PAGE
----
Debutant Joe Root and Matt Prior led England's fightback against India on an attritional first day in Nagpur.
After winning the toss England slumped to 139-5 on a slow and low wicket, but Root (31 not out) and Prior (34 no) helped the tourists recover to 199-5.
Kevin Pietersen (73) and Jonathan Trott (44) earlier rescued England from 16-2 after Ishant Sharma dismissed Nick Compton (3) and Alastair Cook (1).
England lead India 2-1, needing a draw in this final Test to win the series.
"India got their tactics dead right - they've sat back and waited for England to make mistakes, they've played here before and they've sussed it. Dhoni's had three men in the short mid-wicket area, because as soon as the bowling's been straight they've tried to whip it through mid-wicket. I felt Pietersen played very well, he didn't let the bowlers get on top of him and played with some common sense. Bell's dismissal was a shocking shot - had he not been watching the game? And I'm a Bell fan - there must be nothing between his ears."
The performance of Root, in particular, will encourage England, who drafted the 21-year-old Yorkshire opener in at number six to replace Samit Patel.
The youngster showed real maturity as he mixed stout defence with intelligent run-scoring - the Sheffield-born player looking strong on both sides of the wicket alongside Prior.
It was also another impressive, gritty display by Prior who once again displayed the responsibility which is now complementing his undoubted range of attacking shots in the middle order.
While India kept England in check with some tight bowling and an improved fielding display, England's batsmen may, with the exception of Cook who fell to a poor umpiring decision, rue poor shot selection.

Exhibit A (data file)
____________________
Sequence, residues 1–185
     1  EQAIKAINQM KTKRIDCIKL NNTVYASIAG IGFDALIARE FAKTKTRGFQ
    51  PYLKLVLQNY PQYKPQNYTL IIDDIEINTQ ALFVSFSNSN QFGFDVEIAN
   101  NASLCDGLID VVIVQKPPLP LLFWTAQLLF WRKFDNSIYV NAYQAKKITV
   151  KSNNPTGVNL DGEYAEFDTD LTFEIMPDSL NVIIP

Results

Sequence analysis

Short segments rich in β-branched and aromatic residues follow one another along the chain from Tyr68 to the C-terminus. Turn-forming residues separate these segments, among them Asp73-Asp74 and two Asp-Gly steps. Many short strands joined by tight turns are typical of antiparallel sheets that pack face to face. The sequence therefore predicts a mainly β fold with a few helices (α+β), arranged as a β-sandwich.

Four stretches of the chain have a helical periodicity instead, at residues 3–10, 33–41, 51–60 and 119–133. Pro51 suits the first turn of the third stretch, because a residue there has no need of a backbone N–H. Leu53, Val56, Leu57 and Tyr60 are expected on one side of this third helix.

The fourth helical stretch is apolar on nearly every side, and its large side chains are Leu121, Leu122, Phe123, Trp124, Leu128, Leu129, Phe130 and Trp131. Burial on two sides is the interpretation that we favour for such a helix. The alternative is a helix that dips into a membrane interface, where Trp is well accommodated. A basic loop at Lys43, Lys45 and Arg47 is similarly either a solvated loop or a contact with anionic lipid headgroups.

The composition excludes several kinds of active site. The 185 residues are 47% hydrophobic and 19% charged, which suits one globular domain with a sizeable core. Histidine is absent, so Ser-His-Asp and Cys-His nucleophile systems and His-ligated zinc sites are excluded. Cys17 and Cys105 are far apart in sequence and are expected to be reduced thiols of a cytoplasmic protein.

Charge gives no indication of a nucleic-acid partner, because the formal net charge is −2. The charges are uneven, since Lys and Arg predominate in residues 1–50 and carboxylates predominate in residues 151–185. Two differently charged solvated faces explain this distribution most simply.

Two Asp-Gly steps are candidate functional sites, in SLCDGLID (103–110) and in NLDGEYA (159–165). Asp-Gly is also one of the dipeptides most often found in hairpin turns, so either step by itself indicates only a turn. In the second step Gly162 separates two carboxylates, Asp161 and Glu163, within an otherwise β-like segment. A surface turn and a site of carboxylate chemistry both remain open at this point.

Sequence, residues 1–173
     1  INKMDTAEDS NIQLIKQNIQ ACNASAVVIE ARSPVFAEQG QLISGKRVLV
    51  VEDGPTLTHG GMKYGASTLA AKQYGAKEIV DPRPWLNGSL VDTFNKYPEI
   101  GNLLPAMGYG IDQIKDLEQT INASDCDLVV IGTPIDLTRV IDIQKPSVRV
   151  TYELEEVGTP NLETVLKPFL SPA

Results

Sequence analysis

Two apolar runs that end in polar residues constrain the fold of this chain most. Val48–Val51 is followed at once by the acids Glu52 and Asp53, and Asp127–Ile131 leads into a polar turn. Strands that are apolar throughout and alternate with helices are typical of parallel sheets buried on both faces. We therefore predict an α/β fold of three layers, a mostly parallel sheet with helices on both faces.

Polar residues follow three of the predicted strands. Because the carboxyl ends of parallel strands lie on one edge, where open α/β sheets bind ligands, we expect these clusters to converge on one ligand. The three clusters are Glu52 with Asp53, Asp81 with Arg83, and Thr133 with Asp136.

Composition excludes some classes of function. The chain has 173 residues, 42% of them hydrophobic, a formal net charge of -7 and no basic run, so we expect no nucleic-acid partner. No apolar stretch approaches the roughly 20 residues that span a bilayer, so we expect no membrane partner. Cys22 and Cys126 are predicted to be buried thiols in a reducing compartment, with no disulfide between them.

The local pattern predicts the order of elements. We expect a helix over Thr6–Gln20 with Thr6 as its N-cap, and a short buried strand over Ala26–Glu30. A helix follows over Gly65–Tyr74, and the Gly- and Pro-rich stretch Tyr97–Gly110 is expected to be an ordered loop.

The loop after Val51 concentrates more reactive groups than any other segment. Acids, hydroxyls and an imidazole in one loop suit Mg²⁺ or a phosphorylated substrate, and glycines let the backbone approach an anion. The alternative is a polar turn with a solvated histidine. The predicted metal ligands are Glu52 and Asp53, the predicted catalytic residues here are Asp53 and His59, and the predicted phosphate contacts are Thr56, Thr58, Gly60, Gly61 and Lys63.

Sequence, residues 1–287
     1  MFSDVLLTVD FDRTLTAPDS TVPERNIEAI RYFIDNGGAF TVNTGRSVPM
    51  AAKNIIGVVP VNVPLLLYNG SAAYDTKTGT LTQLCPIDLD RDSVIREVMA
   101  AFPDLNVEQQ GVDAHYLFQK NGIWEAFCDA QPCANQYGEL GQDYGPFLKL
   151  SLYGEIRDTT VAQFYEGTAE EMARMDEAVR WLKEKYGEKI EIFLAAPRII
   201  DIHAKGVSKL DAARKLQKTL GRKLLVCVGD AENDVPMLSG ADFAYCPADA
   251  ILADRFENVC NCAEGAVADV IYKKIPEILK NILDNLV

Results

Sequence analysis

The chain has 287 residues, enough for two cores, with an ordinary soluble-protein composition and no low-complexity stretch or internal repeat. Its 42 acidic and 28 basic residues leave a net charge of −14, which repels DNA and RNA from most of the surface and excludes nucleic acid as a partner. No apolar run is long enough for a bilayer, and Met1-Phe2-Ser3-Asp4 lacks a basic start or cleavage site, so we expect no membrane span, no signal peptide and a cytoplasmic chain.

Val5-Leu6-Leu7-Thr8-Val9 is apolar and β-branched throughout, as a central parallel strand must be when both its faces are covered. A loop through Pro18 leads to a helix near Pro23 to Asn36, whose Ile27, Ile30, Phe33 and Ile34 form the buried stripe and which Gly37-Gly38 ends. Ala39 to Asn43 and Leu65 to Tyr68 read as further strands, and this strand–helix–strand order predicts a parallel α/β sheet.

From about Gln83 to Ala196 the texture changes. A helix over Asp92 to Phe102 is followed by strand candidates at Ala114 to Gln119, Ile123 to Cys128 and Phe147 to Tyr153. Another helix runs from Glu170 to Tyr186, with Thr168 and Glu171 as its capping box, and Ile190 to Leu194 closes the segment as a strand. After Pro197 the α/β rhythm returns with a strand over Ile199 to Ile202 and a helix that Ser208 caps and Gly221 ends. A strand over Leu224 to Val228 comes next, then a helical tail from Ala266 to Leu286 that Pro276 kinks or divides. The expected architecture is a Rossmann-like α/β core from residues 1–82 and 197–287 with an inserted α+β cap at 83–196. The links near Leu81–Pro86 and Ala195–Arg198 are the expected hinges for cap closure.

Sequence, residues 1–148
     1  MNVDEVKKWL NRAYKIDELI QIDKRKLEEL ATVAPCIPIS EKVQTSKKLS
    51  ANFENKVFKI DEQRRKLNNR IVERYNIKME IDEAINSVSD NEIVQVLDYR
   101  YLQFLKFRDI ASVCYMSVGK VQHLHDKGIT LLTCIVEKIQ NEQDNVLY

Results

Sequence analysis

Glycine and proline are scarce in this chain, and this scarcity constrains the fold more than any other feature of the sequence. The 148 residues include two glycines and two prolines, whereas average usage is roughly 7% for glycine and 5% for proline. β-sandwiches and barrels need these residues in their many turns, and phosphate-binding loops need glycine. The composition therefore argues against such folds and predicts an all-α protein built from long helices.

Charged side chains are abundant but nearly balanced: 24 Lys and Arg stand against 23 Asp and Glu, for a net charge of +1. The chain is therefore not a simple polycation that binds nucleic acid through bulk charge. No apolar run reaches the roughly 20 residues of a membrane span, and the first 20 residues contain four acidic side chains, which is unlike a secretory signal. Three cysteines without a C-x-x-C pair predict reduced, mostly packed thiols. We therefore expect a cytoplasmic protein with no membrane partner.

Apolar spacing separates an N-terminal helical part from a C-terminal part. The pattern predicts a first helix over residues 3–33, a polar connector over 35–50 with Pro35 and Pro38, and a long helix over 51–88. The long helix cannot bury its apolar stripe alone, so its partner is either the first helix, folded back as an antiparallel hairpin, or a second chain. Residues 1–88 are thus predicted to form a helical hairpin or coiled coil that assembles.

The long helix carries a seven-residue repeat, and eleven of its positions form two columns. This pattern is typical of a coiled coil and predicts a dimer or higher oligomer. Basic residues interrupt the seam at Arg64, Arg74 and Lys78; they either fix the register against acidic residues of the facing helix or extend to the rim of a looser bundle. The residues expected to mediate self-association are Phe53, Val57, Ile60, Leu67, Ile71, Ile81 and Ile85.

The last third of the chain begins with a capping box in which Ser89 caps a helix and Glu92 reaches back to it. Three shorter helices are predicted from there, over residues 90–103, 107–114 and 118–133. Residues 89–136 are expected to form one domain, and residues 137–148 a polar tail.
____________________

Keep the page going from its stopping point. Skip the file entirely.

Pietersen, in particular, might be disappointed with the manner of his dismissal after a superb innings which was a masterclass in dogged defence and sensible strokeplay until he holed out.
The 32-year-old, who registered his second slowest Test half-century in the 188-ball knock, chipped debutant all-rounder Ravindra Jadeja into the hands of short mid-wicket to leave England wobbling at 139-5, on a ground where the average first innings score is 397.
"Not once during the build-up to the game did I see the headline 'Joe Root must play', but the way he batted vindicated the decision to hand him his first Test cap."
Pietersen had shown commendable restraint as he cut out the risky shots and, together with Trott in a watchful 86-run partnership, steadied England after a turbulent start.
Sharma, the sole pace bowler in the Indian team, did the early damage as Compton, who has been awarded an incremental contract by England, edged a short ball behind before Cook was given out leg before wicket - despite replays showing the ball might not have shaped in enough.
The ball certainly did enough for Trott's dismissal as the Warwickshire batsman, who looked in good touch, left one from Jadeja which drifted back in and hit off stump.
Ian Bell, who has struggled for runs throughout the tour, again failed as he chipped leg-spinner Piyush Chawla to short extra cover after scoring just one run in 28 balls.
It was another disappointing dismissal for 30-year-old Bell, who has now scored just 56 runs at an average of 14 in his three Tests on tour.
- Kevin Pietersen passed 15,000 first class runs in his innings of 73
- He also become the fifth man to reach 1,000 Test runs in 2012
- He scored his 29th Test half-century
Once Pietersen followed, it appeared England were in danger of collapse until the assured intervention of Root and Prior.
With England's lower order also boosted by the return of Tim Bresnan in place of the injured Steven Finn, the tourists will hope to grind out further runs in their pursuit of a first series win in India since 1985.